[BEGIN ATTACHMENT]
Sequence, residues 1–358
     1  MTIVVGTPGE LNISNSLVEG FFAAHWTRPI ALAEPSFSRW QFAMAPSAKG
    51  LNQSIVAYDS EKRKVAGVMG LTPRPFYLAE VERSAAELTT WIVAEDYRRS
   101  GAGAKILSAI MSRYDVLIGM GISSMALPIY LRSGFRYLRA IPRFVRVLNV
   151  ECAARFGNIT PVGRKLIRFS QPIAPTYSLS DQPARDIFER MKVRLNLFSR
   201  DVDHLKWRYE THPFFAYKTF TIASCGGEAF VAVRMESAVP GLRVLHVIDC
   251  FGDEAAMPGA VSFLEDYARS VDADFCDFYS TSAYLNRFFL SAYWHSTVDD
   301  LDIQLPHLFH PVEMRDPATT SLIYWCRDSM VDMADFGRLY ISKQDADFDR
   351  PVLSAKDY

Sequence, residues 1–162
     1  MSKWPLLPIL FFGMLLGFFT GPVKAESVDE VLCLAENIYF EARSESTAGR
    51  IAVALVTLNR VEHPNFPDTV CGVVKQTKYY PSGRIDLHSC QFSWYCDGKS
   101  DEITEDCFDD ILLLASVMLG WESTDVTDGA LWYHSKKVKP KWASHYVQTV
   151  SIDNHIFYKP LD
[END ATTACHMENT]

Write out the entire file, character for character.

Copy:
Sequence, residues 1–358
     1  MTIVVGTPGE LNISNSLVEG FFAAHWTRPI ALAEPSFSRW QFAMAPSAKG
    51  LNQSIVAYDS EKRKVAGVMG LTPRPFYLAE VERSAAELTT WIVAEDYRRS
   101  GAGAKILSAI MSRYDVLIGM GISSMALPIY LRSGFRYLRA IPRFVRVLNV
   151  ECAARFGNIT PVGRKLIRFS QPIAPTYSLS DQPARDIFER MKVRLNLFSR
   201  DVDHLKWRYE THPFFAYKTF TIASCGGEAF VAVRMESAVP GLRVLHVIDC
   251  FGDEAAMPGA VSFLEDYARS VDADFCDFYS TSAYLNRFFL SAYWHSTVDD
   301  LDIQLPHLFH PVEMRDPATT SLIYWCRDSM VDMADFGRLY ISKQDADFDR
   351  PVLSAKDY

Sequence, residues 1–162
     1  MSKWPLLPIL FFGMLLGFFT GPVKAESVDE VLCLAENIYF EARSESTAGR
    51  IAVALVTLNR VEHPNFPDTV CGVVKQTKYY PSGRIDLHSC QFSWYCDGKS
   101  DEITEDCFDD ILLLASVMLG WESTDVTDGA LWYHSKKVKP KWASHYVQTV
   151  SIDNHIFYKP LD